Ray Palmer (1808-1887) Lowell Mason (1792-1872)
1. My faith looks up to thee, Thou Lamb of Calvary, Savior divine! Now hear me while I pray, Take all my guilt away, O let me from this day Be wholly thine!
2. May thy rich grace impart Strength to my fainting heart, My zeal inspire! As thou hast died for me, O may my love to thee Pure, warm, and changeless be, A living fire!
3. When life's dark maze I tread, And griefs around me spread, Be thou my guide; Bid darkness turn to day, Wipe sorrow's tears away, Nor let me ever stray From thee aside.
4. When ends life's transient dream, When death's cold, sullen stream Shall o'er me roll; Blest Savior, then in love, Fear and distrust remove; O bear me safe above, A ransomed soul!
Minneapolis. Winter, 1962. The choir of residents at the Ebenezer Home on Portland Avenue in Minneapolis was singing this hymn. The chapel with its dark brown pews was filled with other residents who were enjoying the choir singing one of their favorites. A few tears ran down their faces. I was the organist playing the Hammond for them. All of 18 years old, as I looked at the people in the choir, they seemed to be from another world. They were singing about dying. “When death’s cold sullen stream/Shall o’er me roll;/Blest Savior, then in love, Fear and distrust remove; O bear me safe above, A ransomed soul!” They sang it confidently, if a bit warbly. Most of them were older women in nice dresses, wearing the old black shoes with solid sturdy heels they wore at the time.
At eighteen, I marveled that they could be singing about their deaths which seemed rather imminent to me. "Death's cold sullen stream," kept going through my head.
I remember thinking a lot about that for the rest of the day. And occasionally the sound of that choir comes back to me when I hear the hymn again. These devout women knew what they were singing—they were the age of what my grandmothers would have been if they had survived childbirth. Born in the 1880s, they had lived through more than I could have imagined. Things I knew about at some remove and to some extent experienced in my mother’s vivid accounts of her own mother’s death in 1924 in childbed.
How many of them had lost close family members in the wars, in the flu, in the dust bowl era of the Depression? I knew that intellectually, but what did it mean to me?
Surprisingly, the author of the hymn text, Ray Palmer wrote this text about the life of faith, ending on death and dying, while not much older than I was at the time. After a religious experience he decided to study for the ministry and matriculated at Yale College in New Haven, Connecticut. He had graduated in 1830, when he was 22, and was teaching in New York when he wrote the hymn. He finished the text, weeping as he wrote. His poetry spoke for and continues to speak to people facing their ends. It does more than that, too. It speaks to all of us as we feel guilt for our sins, face troubles, dark mazes filled with difficulties and fear.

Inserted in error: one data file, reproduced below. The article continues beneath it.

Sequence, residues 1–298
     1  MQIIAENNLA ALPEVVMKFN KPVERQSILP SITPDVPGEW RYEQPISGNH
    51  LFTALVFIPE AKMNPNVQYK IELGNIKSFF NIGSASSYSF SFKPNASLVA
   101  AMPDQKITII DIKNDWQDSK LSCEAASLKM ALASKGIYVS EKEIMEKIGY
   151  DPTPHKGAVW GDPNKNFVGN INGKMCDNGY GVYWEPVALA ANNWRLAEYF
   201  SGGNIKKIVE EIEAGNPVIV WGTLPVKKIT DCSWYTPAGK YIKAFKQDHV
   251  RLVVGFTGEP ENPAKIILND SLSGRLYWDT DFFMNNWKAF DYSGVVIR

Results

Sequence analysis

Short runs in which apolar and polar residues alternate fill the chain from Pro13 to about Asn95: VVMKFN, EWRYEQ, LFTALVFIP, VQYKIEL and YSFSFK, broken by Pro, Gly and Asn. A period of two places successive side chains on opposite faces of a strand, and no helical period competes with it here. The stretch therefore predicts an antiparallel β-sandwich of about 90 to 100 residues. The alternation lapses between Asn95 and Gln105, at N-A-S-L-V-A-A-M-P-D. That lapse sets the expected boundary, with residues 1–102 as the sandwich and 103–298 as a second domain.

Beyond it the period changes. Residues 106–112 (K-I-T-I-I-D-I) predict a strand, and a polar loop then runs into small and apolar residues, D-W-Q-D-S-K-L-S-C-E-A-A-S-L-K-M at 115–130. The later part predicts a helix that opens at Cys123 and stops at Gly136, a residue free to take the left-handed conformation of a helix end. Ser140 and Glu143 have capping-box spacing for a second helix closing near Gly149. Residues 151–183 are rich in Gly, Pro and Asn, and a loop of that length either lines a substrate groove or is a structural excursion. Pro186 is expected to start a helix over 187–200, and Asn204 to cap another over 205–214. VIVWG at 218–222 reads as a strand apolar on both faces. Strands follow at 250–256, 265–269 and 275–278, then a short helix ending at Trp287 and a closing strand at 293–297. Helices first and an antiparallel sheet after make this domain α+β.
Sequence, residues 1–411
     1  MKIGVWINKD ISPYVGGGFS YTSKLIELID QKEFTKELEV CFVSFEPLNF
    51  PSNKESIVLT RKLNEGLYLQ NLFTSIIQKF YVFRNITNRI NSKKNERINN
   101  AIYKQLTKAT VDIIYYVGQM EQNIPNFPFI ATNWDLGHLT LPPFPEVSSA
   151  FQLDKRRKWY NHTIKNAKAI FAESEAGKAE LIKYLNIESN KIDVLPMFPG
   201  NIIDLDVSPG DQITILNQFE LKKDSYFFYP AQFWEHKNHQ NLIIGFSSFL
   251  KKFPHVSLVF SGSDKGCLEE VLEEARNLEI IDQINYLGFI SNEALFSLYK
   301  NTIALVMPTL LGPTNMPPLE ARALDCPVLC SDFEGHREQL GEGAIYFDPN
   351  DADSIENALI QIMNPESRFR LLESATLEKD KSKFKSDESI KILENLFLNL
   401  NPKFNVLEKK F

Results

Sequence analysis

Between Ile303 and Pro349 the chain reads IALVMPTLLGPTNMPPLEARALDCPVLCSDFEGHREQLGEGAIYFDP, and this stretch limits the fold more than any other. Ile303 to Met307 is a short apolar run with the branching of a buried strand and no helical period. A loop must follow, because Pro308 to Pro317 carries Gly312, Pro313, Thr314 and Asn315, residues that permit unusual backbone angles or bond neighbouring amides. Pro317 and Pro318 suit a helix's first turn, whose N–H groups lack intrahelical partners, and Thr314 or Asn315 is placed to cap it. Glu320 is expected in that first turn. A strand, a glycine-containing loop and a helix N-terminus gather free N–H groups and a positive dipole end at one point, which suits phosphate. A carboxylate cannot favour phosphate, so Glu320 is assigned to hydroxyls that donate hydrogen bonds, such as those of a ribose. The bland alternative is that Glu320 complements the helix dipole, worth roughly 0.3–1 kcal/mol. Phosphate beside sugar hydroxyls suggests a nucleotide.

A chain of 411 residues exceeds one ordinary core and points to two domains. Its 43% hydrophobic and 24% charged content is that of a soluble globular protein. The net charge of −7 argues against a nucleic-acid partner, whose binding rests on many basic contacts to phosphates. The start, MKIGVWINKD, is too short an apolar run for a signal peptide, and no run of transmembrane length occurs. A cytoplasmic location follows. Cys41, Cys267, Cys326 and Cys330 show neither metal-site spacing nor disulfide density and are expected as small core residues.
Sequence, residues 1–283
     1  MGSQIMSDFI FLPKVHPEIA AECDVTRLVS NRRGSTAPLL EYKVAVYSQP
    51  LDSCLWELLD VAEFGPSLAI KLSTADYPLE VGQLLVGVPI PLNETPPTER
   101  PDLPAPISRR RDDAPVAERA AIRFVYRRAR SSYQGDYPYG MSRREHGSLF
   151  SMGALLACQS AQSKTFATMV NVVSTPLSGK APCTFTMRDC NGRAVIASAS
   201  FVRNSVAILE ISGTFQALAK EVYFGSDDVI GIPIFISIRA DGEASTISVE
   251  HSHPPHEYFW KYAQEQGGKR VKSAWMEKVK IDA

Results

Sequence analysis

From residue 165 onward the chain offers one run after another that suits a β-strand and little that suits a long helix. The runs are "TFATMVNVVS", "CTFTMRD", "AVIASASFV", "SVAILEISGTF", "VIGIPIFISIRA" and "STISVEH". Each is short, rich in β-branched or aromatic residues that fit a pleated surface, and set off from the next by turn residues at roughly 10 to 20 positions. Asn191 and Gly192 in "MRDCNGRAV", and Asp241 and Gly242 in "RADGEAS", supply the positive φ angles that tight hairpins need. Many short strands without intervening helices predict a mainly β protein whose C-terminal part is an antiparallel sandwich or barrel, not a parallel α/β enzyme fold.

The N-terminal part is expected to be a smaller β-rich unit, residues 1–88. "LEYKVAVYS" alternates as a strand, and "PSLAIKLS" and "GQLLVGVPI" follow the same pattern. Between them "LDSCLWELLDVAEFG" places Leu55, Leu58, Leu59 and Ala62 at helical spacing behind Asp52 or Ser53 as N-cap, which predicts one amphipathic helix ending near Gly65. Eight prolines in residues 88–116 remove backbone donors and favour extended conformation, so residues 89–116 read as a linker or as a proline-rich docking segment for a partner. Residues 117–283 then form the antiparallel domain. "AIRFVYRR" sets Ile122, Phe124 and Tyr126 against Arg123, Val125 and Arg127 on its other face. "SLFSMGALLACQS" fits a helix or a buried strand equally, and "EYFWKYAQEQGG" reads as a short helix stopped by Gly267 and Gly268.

Fear and anxiety are much a part of our lives today. The virus and now the protests and riots have caused new fears and anxieties. Helicopters buzzing above us nearly constantly these last few days have given voice to the thin whine of anxiety that I feel in my own flesh.
When my parents were facing their own anxieties they would quote Philippians 4:4-7 to one another. “In nothing be anxious, but in everything by prayer and supplication with thanksgiving let your requests be made known to God. And the peace of God, which surpasses all understanding, will guard your hearts and your minds in Christ Jesus.” My dad always stressed “with thanksgiving.” That is wiser than I thought before. This past year as I finished translating the Icelandic classic Hallgrímur's Passion Hymns, I realized that the fundamental pose of the Christian, as Jesus taught us on the night he was betrayed, is gratitude. To be grateful is to know someone outside of yourself is owed thanksgiving. It shows we need someone to worship. Turning our hearts over to God in thanksgiving changes our focus from our situation to the one who gives everything for us. “O may my love for Thee/Pure, warm and changeless be/A living fire.” In it we will find peace that passes all understanding. Amen.
After Ray Palmer wrote the text, it was given to Lowell Mason, the hymn writer of his era. Mason worked to bring a more classical sound to the hymnody of the day, making the song of the church more tasteful.
Lowell Mason is the patron saint of American music educators. He introduced the subject of music into the schools. Born in Massachusetts, in early adulthood he moved to Savannah, Georgia. While working in a clothing store, he studied music with a German-American musician. He began writing his own music and was fairly successful at it. He thought the European masters could be used for hymn tunes. He moved to Boston where he continued composing and working with classical music, founding the Boston Academy of Music (1833).He composed the music to "Mary had a Little Lamb!" When he was 59 he traveled to Europe to study music at Leipzig, where every American composer wanted to study. There, at the Thomas church, Bach's church, he developed a great interest in congregational singing. When he returned he moved to New York where he served as musical director of Fifth Avenue Presbyterian Church, making it the hymn singing congregation in the city. He retired in 1860, but continued his work composing.
First Plymouth Congregation Choir, Lincoln, Nebraska